No sooner had I got into bed than I heard a bird singing outside the window and instantly regretted my decision! Happy Beltane everyone!

Beltane Fire


I was listening to the radio in the car and it was the top 4o countdown and I couldn’t help noticing a familiar line in the new Britney Spears song “Hold it against me”

The chorus goes
“So if I said I want your body now, would you hold it against me?”

Which to my mind is very similar to the Bellamy Brothers song from 1979 which goes
“If I said you have a beautiful body, would you hold it against me”

Apparently this similarity hasn’t gone unnoticed by the Bellamy Brothers either and their lawyers are on the case!

Oh what a night!

We had been saying for a while that we desperately needed a good night out and last night we got it! And the best thing was it was a night out that money just can’t buy (well not yet anyway!). It all started with a posting I spotted on Facebook and quickly responded to  with a good story and ended up with us seeing Priscilla – The Musical again for the 3rd time! We first saw the show in Sydney when we went there for our Honeymoon and we saw it again when it opened in London with Jason Donovan in the role of Mitzi.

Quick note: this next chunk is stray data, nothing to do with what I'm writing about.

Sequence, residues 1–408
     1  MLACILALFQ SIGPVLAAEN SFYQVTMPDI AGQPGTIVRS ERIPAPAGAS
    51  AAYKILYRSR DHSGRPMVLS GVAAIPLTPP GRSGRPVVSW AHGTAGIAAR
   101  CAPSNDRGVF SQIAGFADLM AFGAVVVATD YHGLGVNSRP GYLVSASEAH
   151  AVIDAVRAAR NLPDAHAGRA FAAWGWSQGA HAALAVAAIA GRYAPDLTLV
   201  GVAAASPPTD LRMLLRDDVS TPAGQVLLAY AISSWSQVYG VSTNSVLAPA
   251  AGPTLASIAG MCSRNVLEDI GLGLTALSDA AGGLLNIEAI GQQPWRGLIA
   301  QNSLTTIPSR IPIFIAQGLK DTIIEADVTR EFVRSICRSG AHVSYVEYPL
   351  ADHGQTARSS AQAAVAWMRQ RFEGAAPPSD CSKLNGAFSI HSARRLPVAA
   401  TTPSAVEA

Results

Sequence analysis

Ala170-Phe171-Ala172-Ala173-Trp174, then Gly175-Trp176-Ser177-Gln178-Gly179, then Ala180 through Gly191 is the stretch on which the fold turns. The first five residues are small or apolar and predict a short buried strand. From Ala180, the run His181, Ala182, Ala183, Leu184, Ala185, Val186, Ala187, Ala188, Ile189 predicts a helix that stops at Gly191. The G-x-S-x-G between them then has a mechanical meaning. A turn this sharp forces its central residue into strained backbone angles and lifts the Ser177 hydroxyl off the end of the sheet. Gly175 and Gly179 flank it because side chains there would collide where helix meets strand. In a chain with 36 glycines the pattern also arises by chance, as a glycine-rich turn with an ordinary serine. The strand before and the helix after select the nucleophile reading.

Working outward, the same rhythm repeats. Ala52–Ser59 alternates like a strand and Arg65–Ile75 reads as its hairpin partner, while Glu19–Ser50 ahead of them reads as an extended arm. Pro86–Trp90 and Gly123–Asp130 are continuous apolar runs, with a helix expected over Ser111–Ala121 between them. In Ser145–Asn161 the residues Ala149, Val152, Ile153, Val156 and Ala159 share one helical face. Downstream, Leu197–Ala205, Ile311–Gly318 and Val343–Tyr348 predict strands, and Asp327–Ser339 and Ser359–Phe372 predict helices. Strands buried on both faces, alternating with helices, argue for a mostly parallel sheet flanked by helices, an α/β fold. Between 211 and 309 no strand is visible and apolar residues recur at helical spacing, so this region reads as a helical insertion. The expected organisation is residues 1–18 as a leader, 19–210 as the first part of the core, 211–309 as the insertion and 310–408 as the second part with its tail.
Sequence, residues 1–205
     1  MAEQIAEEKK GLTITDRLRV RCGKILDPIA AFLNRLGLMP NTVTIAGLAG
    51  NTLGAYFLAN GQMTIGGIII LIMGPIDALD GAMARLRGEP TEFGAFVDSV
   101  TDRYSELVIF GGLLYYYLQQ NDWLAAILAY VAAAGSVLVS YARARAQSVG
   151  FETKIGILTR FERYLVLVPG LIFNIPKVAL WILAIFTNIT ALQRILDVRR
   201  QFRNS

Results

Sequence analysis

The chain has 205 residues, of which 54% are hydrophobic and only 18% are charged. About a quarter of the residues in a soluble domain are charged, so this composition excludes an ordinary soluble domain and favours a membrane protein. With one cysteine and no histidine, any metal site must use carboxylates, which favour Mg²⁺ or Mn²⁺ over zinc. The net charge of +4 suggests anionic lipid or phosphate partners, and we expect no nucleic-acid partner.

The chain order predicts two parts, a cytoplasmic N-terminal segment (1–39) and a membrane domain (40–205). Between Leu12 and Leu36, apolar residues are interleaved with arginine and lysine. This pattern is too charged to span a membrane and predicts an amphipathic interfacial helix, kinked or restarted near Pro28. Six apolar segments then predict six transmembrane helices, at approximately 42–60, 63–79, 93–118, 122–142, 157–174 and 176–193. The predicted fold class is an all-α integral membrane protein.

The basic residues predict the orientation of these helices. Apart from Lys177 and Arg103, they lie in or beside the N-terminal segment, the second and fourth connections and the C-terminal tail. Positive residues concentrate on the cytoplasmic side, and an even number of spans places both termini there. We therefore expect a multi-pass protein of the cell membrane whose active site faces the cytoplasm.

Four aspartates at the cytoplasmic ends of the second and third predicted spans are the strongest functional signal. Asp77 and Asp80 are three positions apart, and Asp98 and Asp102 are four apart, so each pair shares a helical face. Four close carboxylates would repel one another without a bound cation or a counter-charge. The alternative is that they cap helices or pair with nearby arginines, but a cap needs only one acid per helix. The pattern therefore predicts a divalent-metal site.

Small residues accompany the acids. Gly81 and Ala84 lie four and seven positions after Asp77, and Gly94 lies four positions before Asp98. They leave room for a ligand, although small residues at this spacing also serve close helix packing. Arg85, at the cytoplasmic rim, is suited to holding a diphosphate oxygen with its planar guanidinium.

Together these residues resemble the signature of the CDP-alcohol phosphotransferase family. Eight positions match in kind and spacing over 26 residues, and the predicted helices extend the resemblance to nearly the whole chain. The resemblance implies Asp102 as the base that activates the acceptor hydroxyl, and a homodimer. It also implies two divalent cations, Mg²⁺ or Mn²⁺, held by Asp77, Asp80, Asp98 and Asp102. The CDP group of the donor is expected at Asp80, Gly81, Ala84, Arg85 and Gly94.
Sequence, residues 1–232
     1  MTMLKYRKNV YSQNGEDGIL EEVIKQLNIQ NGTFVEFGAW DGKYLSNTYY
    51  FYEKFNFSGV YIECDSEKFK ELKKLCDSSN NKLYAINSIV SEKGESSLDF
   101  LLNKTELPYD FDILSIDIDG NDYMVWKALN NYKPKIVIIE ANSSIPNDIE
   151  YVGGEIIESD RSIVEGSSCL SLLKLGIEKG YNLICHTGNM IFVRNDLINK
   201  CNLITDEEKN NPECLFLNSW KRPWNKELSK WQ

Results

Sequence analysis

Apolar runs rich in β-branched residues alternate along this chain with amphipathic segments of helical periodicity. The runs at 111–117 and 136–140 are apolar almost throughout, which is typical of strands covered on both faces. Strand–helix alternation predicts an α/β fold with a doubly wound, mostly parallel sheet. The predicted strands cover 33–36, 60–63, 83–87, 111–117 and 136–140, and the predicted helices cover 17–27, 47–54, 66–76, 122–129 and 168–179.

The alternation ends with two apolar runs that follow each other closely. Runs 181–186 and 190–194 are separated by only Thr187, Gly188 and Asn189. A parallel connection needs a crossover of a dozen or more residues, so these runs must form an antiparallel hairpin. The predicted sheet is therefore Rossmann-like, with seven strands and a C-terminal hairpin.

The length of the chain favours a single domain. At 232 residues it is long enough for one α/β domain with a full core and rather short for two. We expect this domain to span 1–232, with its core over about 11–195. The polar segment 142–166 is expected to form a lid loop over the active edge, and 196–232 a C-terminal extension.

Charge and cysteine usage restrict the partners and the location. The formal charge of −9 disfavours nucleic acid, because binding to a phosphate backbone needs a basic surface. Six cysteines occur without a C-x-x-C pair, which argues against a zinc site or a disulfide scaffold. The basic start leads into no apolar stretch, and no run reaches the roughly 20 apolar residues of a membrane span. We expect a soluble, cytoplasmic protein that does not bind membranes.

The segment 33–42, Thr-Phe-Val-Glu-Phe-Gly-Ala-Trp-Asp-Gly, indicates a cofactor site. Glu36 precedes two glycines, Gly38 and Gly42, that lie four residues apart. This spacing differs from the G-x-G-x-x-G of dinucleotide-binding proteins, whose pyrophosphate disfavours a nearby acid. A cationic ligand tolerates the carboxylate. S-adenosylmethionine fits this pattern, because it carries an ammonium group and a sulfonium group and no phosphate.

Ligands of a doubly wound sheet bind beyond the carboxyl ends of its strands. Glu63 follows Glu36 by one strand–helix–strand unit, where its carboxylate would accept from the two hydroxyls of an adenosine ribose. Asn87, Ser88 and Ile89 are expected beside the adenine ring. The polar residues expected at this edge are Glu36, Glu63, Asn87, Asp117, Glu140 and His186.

We had been saying for a while that we wanted to see it again so when I saw the posting which said that they were holding a registration evening for “Mates of Priscilla” (MOP) and asked people to tell them why they should be there I e-mailed them the story about flying from Melbourne to Sydney just to see the show and before I knew it I had an e-mail back saying that I was in! I thought that we had just won some tickets to see the show but two days before we were to go I saw some pictures on facebook of a previous event. So we knew that we were in for an interesting evening!

Priscilla Shoe small

The evening didn’t get off to a good start as my train up to London was cancelled and this meant that our plan to get something to eat before we got there almost went out the window. In the end though Sarah went ahead and ordered so the day was saved! At 6pm we crossed over the road and as we arrived a load of people were being ushered into the foyer. We were all given MOP registration forms to fill in which asked us some stupid questions like describe yourself in 3 words or tell us something about yourself as well as questions like who’s your favourite Priscilla character (Felicia) and why do you love Priscilla. When we handed the forms in we were given a ticket for the show and a goody bag. In the bag was a program, a t-shirt, a blue feather boa and a ping pong ball (hopefully unused!).